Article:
Tennessee football spring preview: Linebackers pressured to produce
KNOXVILLE, Tenn. — “Missed alignment, missed assignment,” says one cliched linebacker mantra, and too many times that applied to Tennessee’s defense last season.
The Vols’ injury woes of 2016 were well-documented, “two different teams” because of the high attrition, according to one staffer.
Perhaps nowhere was the damage more costly than in the linebacking corps, the brain center of most every defense.
Tennessee was without middle linebacker Darrin Kirkland Jr. (high ankle sprain) and preseason All-SEC linebacker Jalen Reeves-Maybin (shoulder) much of last season.
Talented No. 2s Quart’e Sapp (knee) and Cortez McDowell (concussion) were also lost to injuries, and the defense came apart.
Linebackers coach Tommy Thigpen, who once played the position himself at North Carolina, could not keep his position group assignments sound.
Coach Butch Jones noted the missed assignments in press conferences last season, and the linebacker corps figures to be one of the most scrutinized position groups on the team this spring.
Tennessee football LB overview
Kirkland, who also started as a true freshman, is under more pressure to lead and produce than any other defensive player.
Defensive coordinator Bob Shoop has identified Kirkland as a leader, entrusting him with the middle linebacker responsibilities.
There are more questions than answers at outside linebacker entering spring.
Injuries have contributed to Dillon Bates not yet to living up to his top-100 recruiting hype as he enters his fourth season. Bates has yet to prove more than a famous name, though spring will present him with opportunities.
Sapp’s questionable injury status gives Bates and Elliott Berry opportunities to prove themselves this spring before talented signee Solon Page lll arrives.
On the weak side, McDowell proved himself a warrior playing through bumps and bruises, but he could be challenged to hold off rising sophomore Daniel Bituli.
Bituli, a 6-3, 235, is the most impressive athlete in the linebacking corps and was used in goal-line situations and special teams as a true freshman.
Over-achieving junior Colton Jumper, recently granted another year of eligibility, will look to find his way on the field after stepping into the middle linebacker position in place of Kirkland much of last season.
Tennessee football LB by the numbers
Jumper started seven of 13 games and was tops among the linebackers with 61 tackles including 4 for loss. Jumper had 1 interception, 3 QB hurries and a forced fumble. Solid numbers, and respectable considering he’s a former walk-on.
Cortez McDowell had 54 stops in his 12 games, but he’ll need to play faster to win a starting position this season, as speed will be emphasized.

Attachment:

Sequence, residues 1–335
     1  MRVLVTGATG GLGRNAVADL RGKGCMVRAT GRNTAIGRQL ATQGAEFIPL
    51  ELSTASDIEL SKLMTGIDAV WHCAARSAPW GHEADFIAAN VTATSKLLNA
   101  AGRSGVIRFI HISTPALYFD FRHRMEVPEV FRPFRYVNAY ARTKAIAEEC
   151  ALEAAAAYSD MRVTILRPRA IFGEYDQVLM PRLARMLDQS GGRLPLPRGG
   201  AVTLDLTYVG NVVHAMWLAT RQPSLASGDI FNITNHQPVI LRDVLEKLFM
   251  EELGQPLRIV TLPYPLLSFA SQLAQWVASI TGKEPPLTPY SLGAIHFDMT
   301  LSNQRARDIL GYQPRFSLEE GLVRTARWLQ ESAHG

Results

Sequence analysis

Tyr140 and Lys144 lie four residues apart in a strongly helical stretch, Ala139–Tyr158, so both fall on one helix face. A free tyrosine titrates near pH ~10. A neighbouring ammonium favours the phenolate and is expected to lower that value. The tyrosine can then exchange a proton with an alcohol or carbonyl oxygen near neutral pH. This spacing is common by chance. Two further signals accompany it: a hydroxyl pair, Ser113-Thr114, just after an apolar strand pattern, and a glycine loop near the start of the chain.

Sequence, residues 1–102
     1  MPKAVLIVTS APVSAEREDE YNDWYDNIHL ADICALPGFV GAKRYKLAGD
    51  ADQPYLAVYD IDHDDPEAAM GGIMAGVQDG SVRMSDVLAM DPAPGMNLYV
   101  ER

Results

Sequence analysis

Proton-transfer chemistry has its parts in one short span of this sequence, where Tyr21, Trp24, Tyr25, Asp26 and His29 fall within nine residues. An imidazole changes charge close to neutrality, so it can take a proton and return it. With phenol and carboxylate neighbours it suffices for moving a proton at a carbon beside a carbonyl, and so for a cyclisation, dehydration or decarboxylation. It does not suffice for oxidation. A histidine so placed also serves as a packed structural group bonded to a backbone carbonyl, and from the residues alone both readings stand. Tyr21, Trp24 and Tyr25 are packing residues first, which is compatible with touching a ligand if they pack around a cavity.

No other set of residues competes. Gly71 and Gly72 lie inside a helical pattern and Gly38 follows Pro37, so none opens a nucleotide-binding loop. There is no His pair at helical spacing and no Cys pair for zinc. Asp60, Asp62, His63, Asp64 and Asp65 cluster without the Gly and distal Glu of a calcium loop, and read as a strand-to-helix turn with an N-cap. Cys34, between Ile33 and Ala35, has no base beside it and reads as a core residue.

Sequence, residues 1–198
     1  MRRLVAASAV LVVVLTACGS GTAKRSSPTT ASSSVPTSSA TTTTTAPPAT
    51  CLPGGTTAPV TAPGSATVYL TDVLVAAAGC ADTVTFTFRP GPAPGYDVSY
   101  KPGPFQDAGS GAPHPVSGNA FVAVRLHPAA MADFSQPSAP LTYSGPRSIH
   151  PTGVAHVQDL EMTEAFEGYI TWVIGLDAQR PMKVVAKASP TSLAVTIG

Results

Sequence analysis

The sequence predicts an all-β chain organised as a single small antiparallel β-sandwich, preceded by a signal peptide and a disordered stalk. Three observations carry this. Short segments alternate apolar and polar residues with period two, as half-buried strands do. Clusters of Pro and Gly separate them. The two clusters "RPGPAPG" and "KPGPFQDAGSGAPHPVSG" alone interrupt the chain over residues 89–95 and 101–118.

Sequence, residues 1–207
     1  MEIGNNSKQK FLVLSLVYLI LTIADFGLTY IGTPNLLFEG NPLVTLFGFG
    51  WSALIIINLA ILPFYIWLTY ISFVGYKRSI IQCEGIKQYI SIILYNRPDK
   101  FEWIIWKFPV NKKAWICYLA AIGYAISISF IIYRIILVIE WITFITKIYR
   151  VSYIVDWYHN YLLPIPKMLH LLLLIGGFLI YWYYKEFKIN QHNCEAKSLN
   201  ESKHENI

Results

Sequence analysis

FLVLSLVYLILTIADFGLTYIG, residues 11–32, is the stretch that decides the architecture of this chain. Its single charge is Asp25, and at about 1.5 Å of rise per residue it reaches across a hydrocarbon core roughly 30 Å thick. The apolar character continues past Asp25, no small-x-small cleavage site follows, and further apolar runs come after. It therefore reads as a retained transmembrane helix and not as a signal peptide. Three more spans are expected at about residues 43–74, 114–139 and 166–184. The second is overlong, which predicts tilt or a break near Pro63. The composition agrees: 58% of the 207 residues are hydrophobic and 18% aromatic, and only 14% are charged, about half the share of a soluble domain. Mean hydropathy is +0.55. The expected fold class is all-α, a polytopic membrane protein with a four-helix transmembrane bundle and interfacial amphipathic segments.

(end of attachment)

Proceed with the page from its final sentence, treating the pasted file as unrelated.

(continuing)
Kirkland totaled 45 tackles in eight games, including 5 for loss.
Reeves-Maybin had NFL ability, but a targeting ejection and then a shoulder injury during special teams coverage in the third game of the season limited him to just 20 tackles in four games — 13 of them coming in the 45-24 win over Virginia Tech.
Tennessee football LBs moving forward
Shoop said the best 11 would be on the field, but he also indicated Tennessee might go with more of a 4-3 look than the 4-2-5 he inherited.
It’s not written in stone that a defensive back won’t slide into that third outside linebacker spot, which in many defenses has become more of a hybrid role like the old “monster” or “rover” positions.
Kirkland Jr. in the middle and a more detailed Thigpen seem to be the only sure things in this linebacker corps, based on Jones’ comments toward the end of last season.
Can Thigpen teach the athletic Bituli the scheme well enough to get him on the field? It’s not a matter of “if” Bituli starts in his career, so much as “when.”
If a defensive back does get moved up into the linebacker corps, which player has the physical enough makeup to become Tennessee’s version of Jabrill Peppers, or, Eric Berry, circa 2009?
Tennessee football LBs standout performer
It has to be Kirkland the way the stars are lining up with Brady Hoke now a part of the defensive staff, and Shoop sold on his leadership and football abilities.
Kirkland, of course, was originally a Michigan commit but changed over to Tennessee once the Wolverines put Hoke on the hot seat.
Every great defense has a catalyst, and Kirkland is at the position to play that Al Wilson-inspired role at Tennessee.
A first-team All-SEC season is not out of the question if Hoke gets his defensive tackles playing well enough to open up run-blitz lanes and more advantageous angles of pursuit for the linebackers.
Projected depth chart:
Dillon Bates (6-3, 220, RS Jr.)
Elliott Berry (5-11, 222, Sr.)
Quart’e Sapp (limited knee injury, 6-2, 220, RS So.)
Solon Page lll (reports summer, 6-2, 205, Fr.)
Darrin Kirkland Jr. (6-1, 230, Jr.)
Colton Jumper (6-2, 224, RS Jr.)
Will Ignont (reports summer, 6-2, 230, Fr.)
Cortez McDowell (6-0, 235, Sr.)
Daniel Bituli (6-3, 235, So.)
Shanon Reid (6-0, 205, Fr.)
Austin Smith (6-3, 236, Jr.)
Others competing to play:
Gavin Bryant (6-0, 238, RS Jr.)
Ja’Quain Blakely (6-2, 230 RS Fr.)
Landon Knoll (6-3, 217, RS So.)
DaJour Maddox (5-11, 210, RS So.)
Matt Ballard (6-1, 215, RS Fr.)